We reviewed the evidence about the effects of topical (applied to the surface of the skin) treatments for healing burn wounds on the face or neck. We wanted to find out which treatments were most effective at healing these wounds and improving the appearance of scars, which is a particularly important issue in relation to facial burn injuries. We also wanted to find out how topical treatments affected the risk of complications such as infection and pain, and how they impacted on peoples' quality of life.
Burn injuries are an important health problem, and a major global cause of disability and disfigurement in both adults and children. Women and children in low-income countries are at particular risk. Burns pose particular problems when they occur on the head or neck. The face is central to a person's identity and plays a vital role in communication. Other basic functions such as hearing, smell and breathing may become affected as a direct result of a facial burn. Topical treatments such as (non) antimicrobial creams and skin substitutes, are most commonly used to treat facial burns. We wanted to compare the effectiveness of these treatments to evaluate their benefits and harms.
In December 2019, we searched for randomised controlled trials (RCTs) investigating topical treatments for facial burns. RCTs are medical studies where the treatment or care people receive is chosen at random. This type of study design provides the most reliable health evidence about whether different approaches to treatment or care can make a difference. We found 12 studies that were suitable for inclusion in this review update, with 507 participants with mean ages ranging from 5.3 to 41.9 years. Three studies compared antimicrobials with non-antimicrobials agents, two studies compared different antimicrobials, four studies compared skin substitutes with antimicrobials, while four studies compared a variety of topical treatments. One study contributed to two comparisons. Eight studies were small (fewer than 40 participants) and almost all studies were at high risk of bias due to lack of blinding (where participants and evaluators may have known which group the participants were allocated to and interpreted effects differently).
Overall, there is mainly low to very low-certainty evidence on the effects of any topical intervention on wound healing or infection in people with facial burns. In addition, there is low to very low-certainty evidence on the effects of the included interventions on need for surgery, pain, scar quality, patient satisfaction, length of hospital stay and side effects.
All results were at high risk of bias and varied, which may have exaggerated the effects.
Certainty of the evidence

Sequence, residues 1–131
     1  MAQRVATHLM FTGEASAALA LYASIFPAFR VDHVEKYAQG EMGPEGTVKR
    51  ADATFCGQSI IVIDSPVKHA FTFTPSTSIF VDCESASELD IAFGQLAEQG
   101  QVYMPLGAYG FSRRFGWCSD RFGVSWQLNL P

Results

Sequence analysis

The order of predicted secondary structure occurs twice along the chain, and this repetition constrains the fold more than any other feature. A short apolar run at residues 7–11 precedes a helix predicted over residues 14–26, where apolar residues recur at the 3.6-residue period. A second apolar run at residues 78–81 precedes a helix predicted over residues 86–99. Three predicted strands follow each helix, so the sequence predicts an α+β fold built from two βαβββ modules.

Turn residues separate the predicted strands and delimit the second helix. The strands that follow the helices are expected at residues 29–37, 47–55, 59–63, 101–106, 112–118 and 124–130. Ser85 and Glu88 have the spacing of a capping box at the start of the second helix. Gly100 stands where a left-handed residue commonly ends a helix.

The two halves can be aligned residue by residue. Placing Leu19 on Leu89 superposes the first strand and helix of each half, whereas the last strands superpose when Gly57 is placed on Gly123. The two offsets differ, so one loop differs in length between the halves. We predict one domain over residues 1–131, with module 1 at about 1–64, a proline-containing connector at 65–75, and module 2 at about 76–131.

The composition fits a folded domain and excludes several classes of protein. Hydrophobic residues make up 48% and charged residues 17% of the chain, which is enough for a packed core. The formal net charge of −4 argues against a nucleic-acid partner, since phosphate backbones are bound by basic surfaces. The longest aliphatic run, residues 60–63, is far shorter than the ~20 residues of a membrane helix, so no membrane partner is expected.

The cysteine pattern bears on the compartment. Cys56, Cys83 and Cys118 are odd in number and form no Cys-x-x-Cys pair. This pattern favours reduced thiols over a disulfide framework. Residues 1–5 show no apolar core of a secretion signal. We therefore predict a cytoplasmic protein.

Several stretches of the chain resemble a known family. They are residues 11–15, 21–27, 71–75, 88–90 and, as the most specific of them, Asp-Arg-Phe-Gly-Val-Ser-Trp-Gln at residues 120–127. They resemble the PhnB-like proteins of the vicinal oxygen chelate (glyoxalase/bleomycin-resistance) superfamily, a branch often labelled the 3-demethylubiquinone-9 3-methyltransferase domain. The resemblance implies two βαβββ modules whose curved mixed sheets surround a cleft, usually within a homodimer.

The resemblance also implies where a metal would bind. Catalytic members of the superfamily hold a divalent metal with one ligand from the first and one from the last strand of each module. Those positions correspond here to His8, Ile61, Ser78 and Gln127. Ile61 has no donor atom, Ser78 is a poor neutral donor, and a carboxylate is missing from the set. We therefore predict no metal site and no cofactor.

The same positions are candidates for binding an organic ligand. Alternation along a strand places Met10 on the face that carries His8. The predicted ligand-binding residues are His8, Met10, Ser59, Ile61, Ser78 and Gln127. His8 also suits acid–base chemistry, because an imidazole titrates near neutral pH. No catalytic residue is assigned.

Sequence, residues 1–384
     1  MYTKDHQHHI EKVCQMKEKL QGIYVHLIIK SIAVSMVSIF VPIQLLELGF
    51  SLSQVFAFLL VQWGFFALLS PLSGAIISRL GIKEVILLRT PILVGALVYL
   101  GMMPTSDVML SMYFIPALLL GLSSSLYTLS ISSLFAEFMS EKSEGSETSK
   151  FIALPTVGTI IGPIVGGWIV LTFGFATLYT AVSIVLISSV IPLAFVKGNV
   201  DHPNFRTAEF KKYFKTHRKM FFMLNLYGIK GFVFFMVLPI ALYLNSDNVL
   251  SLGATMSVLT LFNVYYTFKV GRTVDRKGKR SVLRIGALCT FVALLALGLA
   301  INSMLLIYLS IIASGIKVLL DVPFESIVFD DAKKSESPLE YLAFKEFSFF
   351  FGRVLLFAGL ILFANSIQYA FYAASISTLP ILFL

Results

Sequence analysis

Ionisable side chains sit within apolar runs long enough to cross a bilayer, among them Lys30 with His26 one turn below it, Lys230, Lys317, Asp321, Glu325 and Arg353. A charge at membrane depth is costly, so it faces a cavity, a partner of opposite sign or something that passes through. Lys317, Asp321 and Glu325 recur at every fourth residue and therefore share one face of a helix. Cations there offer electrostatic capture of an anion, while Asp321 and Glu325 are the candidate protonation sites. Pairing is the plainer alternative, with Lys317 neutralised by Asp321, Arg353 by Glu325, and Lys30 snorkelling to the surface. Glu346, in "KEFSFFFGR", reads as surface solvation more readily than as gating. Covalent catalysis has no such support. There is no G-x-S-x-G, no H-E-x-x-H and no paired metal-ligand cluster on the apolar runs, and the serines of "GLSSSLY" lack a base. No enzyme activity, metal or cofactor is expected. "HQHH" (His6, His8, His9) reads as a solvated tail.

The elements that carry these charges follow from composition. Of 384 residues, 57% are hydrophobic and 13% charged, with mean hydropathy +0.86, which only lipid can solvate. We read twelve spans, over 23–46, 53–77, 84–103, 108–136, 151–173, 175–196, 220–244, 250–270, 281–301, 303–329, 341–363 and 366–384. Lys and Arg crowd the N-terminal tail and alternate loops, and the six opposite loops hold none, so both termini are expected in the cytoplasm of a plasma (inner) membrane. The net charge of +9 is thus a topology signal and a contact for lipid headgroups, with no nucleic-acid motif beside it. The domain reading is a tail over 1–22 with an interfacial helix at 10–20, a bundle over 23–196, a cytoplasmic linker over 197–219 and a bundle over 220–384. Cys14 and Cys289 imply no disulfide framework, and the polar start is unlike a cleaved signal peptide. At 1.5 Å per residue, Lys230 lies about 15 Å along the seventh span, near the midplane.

Overall, the certainty of the evidence about the effectiveness of topical treatments for facial burns is low to very low. There is insufficient reliable evidence as to whether topical treatments improve outcomes for people with facial burns including improving wound healing, or rates of infection. Better trial design and reporting of these studies is required to contribute to evidence-based burn care.
How up to date is this review?
We searched for studies that had been published up to December 2019.
There is mainly low to very low-certainty evidence on the effects of any topical intervention on wound healing in people with facial burns. The number of RCTs in burn care is growing, but the body of evidence is still hampered due to an insufficient number of studies that follow appropriate evidence-based standards of conducting and reporting RCTs.
Burn injuries are an important health problem. They occur frequently in the head and neck region. The face is the area central to a person's identity that provides our most expressive means of communication. Topical interventions are currently the cornerstone of treatment of burns to the face.
To assess the effects of topical interventions on wound healing in people with facial burns of any depth.
In December 2019 we searched the Cochrane Wounds Specialised Register; the Cochrane Central Register of Controlled Trials (CENTRAL); Ovid MEDLINE (including In-Process & Other Non-Indexed Citations); Ovid Embase and EBSCO CINAHL Plus. We also searched clinical trials registries for ongoing and unpublished studies, and scanned reference lists of relevant included studies as well as reviews, meta-analyses and health technology reports to identify additional studies. There were no restrictions with respect to language, date of publication or study setting.
Randomised controlled trials (RCTs) that evaluated the effects of topical treatment for facial burns were eligible for inclusion in this review.
Two review authors independently performed study selection, data extraction, risk of bias assessment and GRADE assessment of the certainty of the evidence.